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In keeping with a longstanding tradition of bringing (always) awesome and (frequently) local music to Rhino Records, KSPC recently hit a high point with their Summer Concert Series. On Sunday, July 20th the Inland Empire was treated to a rare and fascinating performance by pioneering experimentalists Amps for Christ.


Amps for Christ features an ever rotating cast of band members (ranging from founder Henry Barnes’ father to musicians like Erika M Anderson), so each performance and album varies in terms of influence and intensity. The live set at Rhino seemed appropriately set on the small stage, with Henry front and center alongside his collaborator Skott Rusch. To my untrained eye, many of their instruments looked heavily modified, or perhaps I’m unaware of the rapidly spinning properties of unidentifiable wooden string cylinders. Henry Barnes grinned happily between blissfully loud, harsh renditions of some of Amps more recognizable tracks, pausing often to explain the sonic features of his instruments and audio setup.


The beauty of seeing Amps for Christ live is not knowing what to expect. From one album to the next you can find traces of folk music alongside experimental noise and extreme metal. Their live performance at Rhino just served to underscore the incredibly range and creativity of Barnes, a trait that emerges again and again in new Amps albums as well as in Barnes’ various other projects (Two Ambiguous Figures, Man Is the Bastard). In their short set at Rhino, many of the varied and recognizable styles throughout the Amps for Christ catalogue were highlighted remarkably well, reminding me of earlier, noise-influenced tracks on classic Amps albums like Electrosphere (1999).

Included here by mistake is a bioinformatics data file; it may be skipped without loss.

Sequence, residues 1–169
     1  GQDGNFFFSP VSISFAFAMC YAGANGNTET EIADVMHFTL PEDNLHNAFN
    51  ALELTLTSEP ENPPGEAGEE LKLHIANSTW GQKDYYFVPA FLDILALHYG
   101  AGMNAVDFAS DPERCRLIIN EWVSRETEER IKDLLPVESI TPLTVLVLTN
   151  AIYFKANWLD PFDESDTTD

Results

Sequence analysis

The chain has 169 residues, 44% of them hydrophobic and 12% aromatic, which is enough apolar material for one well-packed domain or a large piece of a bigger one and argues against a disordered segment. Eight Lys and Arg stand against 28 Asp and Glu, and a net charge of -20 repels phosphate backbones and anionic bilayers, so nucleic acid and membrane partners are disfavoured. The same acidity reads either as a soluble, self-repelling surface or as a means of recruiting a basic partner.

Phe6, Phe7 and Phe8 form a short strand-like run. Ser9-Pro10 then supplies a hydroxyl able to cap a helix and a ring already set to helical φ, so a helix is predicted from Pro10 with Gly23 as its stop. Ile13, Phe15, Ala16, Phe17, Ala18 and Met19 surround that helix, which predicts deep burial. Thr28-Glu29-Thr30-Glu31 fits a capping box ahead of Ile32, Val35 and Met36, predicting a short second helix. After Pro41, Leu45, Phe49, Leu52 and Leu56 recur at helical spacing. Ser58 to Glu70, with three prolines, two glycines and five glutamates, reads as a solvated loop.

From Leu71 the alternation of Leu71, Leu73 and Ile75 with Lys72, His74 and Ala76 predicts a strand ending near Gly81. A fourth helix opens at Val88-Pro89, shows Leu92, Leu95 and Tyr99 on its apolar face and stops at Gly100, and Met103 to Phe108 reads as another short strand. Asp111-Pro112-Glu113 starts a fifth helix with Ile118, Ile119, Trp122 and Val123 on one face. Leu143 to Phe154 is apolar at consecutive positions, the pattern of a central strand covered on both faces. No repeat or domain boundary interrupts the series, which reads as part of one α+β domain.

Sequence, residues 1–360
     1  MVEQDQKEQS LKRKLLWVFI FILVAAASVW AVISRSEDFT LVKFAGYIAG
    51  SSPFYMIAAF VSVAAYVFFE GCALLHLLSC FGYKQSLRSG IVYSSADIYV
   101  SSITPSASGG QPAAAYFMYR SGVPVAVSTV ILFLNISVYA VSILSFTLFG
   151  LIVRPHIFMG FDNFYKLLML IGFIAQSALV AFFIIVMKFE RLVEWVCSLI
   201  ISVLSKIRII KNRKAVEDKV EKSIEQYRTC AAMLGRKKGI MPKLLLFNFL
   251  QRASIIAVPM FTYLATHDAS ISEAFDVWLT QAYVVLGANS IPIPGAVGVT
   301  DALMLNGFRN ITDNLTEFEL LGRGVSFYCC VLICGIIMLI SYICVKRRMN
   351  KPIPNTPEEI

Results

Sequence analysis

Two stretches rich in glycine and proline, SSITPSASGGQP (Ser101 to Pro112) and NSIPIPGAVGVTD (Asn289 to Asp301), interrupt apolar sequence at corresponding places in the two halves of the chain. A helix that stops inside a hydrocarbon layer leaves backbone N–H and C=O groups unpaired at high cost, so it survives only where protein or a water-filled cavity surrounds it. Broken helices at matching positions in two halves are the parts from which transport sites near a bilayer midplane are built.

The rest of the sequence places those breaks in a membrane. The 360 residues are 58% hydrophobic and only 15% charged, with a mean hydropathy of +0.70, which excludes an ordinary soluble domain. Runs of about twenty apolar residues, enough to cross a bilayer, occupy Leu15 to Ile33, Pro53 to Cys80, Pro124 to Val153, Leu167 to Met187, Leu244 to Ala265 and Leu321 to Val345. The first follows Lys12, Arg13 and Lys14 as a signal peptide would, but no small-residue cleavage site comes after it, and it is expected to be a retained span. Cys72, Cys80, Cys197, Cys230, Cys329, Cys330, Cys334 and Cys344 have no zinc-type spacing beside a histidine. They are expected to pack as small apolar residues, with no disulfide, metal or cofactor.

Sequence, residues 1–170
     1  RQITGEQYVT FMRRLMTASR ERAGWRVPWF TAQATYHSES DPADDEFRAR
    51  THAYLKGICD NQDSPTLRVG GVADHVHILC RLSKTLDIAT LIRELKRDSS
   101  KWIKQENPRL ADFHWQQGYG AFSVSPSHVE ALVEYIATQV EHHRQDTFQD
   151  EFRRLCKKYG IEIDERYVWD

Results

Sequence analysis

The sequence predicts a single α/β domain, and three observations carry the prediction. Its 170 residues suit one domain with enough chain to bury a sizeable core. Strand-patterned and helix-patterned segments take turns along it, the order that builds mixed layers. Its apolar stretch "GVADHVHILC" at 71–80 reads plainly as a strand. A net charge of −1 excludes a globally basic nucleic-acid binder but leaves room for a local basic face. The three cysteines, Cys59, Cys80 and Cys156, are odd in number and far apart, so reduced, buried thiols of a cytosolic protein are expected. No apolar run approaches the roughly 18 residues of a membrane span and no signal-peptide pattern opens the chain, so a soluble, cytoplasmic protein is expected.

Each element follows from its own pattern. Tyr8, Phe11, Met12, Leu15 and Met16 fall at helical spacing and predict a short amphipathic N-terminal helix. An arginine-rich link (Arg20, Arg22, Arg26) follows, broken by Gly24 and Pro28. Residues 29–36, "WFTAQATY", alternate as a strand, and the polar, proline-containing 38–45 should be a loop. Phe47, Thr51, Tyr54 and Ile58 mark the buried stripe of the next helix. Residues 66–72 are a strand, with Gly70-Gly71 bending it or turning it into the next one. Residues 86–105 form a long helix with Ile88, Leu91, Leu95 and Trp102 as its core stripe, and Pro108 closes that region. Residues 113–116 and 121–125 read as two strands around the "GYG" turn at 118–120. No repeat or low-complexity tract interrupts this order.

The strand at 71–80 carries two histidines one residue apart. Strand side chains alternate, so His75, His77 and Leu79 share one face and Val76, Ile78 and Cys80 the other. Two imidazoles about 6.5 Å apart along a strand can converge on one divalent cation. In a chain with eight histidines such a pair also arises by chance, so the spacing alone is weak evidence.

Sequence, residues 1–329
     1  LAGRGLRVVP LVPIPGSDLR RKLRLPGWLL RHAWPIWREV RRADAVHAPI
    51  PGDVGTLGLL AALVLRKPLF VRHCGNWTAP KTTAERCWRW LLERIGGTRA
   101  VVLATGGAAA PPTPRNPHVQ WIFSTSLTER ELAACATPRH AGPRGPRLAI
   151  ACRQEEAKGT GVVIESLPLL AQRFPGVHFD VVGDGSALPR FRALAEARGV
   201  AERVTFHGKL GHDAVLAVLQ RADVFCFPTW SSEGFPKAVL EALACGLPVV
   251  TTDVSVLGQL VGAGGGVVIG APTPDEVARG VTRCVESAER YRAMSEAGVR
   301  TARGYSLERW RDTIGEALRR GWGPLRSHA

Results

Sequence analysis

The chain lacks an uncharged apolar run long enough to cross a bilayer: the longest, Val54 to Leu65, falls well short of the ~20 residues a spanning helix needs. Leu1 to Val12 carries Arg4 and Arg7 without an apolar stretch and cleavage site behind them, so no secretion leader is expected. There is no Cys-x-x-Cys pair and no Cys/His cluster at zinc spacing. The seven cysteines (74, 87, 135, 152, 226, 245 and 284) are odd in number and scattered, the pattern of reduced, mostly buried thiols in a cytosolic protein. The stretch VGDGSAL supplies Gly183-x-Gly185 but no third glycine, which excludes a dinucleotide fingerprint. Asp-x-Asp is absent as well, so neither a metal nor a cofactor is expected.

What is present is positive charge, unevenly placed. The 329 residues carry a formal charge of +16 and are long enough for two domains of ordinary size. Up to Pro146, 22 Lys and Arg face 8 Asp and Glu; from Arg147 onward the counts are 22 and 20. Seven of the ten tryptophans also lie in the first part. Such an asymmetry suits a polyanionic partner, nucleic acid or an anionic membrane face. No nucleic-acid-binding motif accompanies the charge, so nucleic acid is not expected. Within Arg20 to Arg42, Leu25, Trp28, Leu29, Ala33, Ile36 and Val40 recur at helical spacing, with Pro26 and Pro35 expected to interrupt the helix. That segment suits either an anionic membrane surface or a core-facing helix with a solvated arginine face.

Part of the tremendous privilege of seeing Henry Barnes in whatever form he embodies is the fact that everyone in the audience, from kids with giant noise-cancelling headphones to very cool 19 year olds sitting a bit too close to the monitors, enjoyed watching and learning just how those sounds were produced. I’d be hard pressed to find a more open mind than that of Henry Barnes, and I think most of the people sitting attentively 8 inches from the stage at Rhino Records would agree with me.